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Artist Jenna Rainey is drawn to color. So it might come as a surprise that the three-bedroom property she and her husband, John, recently bought on a tree-lined street in Southern California started out as a million different shades of flipper’s gray. But they had a different picture in mind. When they first came across the home, the Raineys were enamored with the seemingly bygone setting of kids playing in the street as parents looked on and socialized. They imagined themselves doing the same one day, and felt confident that the 1950s property could eventually encapsulate their creativity and closeness. It was just going to take a while before any of that could happen. “The original vision we had was to rip apart the whole house and make it larger,” says the couple’s designer, Jen Mac Beth, owner and creative director of California Casa Interiors

Phase one of the project was reimagining the studio and guesthouse, situated behind their main address, but once that was finished, Mac Beth and the couple accepted that their total-gut aspirations up front were probably too ambitious. “We decided a smaller interior remodel would be the best fit for them at this point of their lives,” Mac Beth continues. “I knew a pared-down footprint would still be amazing, because they were open to incorporating beautiful materials like marble and white oak.” 

In keeping with the mindset they shared for their first go-round, the trio streamlined the main house by tweaking some structural items, like lowering the peninsula to counter height and slightly raising the beam overhead, while holding onto the home’s casual-cool California design. Read on to see how they made all that gray go away.

Soften Corners—And Big Beams 

The kitchen, before.

Somewhere along the way, a previous owner had made funky additions to the kitchen that made it feel closed off, Mac Beth quickly identified. A peninsula blocked off the cooking zone from the adjoining living and dining areas, while a beam in the center of it all exacerbated the cramped feeling. The catch? Due to budget constraints, the designer had to work with it. 

“The beam sat right between the kitchen, hallway, and living space, and ripping it out would’ve been like reinventing the wheel,” she says. “We wrapped it in white oak, and now it’s a really beautiful accent that makes the other materials around it shine.” 

The revamped beam complements the new breakfast nook as well as the nearby open shelving, while adding a curved edge to the peninsula made it feel less imposing. It also doesn’t hurt that the countertops and backsplash are now made of marble. “There were a lot of conversations around how to stop the peninsula from getting too far into the hallway, and this solution is simply stunning,” shares the designer.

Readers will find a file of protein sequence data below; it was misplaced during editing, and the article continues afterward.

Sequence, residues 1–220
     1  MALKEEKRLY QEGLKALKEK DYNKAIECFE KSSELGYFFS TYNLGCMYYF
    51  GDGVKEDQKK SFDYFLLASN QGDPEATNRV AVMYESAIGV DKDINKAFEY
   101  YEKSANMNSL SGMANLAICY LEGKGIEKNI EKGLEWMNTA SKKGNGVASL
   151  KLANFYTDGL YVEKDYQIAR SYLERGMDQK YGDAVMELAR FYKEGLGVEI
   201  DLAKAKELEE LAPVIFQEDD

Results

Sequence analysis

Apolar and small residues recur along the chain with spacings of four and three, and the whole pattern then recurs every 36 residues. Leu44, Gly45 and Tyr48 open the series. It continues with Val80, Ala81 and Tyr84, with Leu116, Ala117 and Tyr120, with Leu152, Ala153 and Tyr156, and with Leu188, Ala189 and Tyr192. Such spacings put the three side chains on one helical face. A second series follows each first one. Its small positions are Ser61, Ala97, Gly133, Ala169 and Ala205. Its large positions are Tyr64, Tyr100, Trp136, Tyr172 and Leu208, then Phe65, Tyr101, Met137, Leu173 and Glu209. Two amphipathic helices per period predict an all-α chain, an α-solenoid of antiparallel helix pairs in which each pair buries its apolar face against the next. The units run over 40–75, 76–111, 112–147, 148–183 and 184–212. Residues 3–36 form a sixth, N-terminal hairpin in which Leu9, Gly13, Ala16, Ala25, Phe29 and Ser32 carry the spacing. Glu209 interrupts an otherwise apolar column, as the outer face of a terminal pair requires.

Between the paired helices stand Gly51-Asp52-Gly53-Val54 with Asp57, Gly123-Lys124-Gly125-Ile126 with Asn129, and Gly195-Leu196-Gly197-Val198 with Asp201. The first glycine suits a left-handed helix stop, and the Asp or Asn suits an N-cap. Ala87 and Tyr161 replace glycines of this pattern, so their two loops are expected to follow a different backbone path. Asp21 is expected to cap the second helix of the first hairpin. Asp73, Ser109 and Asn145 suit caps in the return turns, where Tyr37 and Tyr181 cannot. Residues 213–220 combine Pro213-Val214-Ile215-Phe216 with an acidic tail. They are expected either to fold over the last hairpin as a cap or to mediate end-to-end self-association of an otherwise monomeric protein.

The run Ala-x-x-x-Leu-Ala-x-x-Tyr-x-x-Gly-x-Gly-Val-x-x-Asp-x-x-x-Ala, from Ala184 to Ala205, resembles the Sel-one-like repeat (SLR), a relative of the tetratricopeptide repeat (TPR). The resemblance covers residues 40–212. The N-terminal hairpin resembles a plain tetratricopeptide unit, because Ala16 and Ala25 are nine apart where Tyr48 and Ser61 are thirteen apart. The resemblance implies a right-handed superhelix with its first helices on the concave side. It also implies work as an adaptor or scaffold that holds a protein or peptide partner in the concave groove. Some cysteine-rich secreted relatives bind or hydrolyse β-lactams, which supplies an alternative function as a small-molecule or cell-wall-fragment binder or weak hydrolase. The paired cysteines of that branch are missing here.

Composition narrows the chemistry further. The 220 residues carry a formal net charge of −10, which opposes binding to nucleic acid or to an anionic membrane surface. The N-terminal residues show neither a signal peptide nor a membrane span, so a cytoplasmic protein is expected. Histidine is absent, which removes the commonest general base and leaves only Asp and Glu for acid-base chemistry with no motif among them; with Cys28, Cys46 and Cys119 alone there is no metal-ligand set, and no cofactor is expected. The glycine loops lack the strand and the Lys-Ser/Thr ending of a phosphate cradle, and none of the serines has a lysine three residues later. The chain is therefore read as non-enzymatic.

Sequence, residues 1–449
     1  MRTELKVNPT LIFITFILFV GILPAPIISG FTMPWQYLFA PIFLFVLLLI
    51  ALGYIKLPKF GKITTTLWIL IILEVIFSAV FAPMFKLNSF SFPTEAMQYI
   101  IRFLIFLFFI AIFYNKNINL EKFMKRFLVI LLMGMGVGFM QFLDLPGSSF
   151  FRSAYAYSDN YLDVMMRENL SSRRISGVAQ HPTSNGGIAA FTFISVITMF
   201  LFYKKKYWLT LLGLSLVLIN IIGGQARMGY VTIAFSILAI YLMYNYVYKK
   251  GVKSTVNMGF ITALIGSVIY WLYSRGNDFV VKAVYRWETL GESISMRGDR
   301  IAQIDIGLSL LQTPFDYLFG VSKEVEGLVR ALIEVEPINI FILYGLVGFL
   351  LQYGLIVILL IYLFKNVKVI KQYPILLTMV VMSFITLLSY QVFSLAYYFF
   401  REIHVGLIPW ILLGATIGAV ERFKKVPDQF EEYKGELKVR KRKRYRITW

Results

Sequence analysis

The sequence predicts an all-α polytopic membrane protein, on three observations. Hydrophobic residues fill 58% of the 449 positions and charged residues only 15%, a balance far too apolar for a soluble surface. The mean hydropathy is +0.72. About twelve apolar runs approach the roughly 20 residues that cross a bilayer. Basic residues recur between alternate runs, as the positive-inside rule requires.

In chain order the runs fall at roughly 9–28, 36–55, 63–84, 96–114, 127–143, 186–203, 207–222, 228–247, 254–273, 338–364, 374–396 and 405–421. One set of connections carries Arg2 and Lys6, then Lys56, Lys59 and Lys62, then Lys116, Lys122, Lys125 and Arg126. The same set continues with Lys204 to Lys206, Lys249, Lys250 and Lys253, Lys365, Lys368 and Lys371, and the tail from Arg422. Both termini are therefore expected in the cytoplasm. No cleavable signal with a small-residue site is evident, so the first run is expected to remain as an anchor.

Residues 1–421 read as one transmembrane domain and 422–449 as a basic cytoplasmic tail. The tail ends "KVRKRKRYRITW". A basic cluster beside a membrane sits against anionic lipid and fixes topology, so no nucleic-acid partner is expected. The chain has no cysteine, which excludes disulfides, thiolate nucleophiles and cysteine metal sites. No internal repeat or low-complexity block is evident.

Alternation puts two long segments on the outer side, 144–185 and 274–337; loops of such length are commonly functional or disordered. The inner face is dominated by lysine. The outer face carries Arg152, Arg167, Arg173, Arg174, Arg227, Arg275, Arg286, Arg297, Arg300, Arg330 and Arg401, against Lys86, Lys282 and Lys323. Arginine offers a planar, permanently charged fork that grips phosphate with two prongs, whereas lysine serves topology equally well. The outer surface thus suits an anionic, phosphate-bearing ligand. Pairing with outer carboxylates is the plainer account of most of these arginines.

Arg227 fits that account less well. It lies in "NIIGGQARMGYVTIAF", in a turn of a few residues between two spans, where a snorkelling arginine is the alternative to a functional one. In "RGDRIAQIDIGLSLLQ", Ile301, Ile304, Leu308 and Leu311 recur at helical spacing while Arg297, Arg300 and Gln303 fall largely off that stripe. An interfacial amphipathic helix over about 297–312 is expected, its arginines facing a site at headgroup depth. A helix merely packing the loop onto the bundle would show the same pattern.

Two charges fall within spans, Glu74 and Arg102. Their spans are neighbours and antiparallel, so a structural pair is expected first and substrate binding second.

Add Some Drama, Even If It’s at the Last Minute 

The kitchen, before.

As they updated the 1,500-square-foot home, the couple and Mac Beth leaned on an airy palette that would make the home feel larger than it was. Cream-colored bouclé furniture in the living room and woven lighting and stools in the kitchen stuck to this plan, but there are occasional deviations toward more drama. Take the kitchen’s lower cabinetry. Mac Beth and the couple were just about to finish their four-month-long project together when the designer felt that the space needed more depth. 

“Incorporating the oxblood color was a last-minute decision on my part,” she notes. “Once I saw the countertops in place, I thought that painting everything in the same shade of white would’ve been a missed opportunity.”

The bathroom, before.

A saturated shade of green tile enveloping the full bathroom and its new square-edge tub is an equally surprising yet satisfying shift, but the custom millwork on the medicine cabinet still mimics the curves seen in the kitchen. “It keeps that theme going,” Mac Beth says. For one last punch of moodier-than-expected, a wallpaper resembling a tropical scene at night was used as an accent in a bedroom. 

Give the Front Yard Beautiful Function

The exterior, before.

With the Raineys wanting to have a front yard where they could play with their son and bond with their neighbors, Mac Beth couldn’t live with its existing concrete and dried-grass state. What better place to find inspiration for the outdoors than by tapping into the couple’s past trips. 

“They travel the world quite a bit for art retreats, and it felt appropriate to have stone on the ground to incorporate that European feel that they love so much,” Mac Beth says. Painting the house white was key to brightening up the home as well, given the trees shroud the yard in shade. “We wanted it to stand out among the greenery,” she adds.

The new stone hardscape is lined with no-fuss plants that gently climb toward the windows, and a circular firepit makes impromptu hangouts a cinch. The couple is currently experiencing their first season in their neighborhood as they dreamed, while Mac Beth left them to it with the lesson that a home doesn’t need to be an entirely blank canvas to become a masterpiece.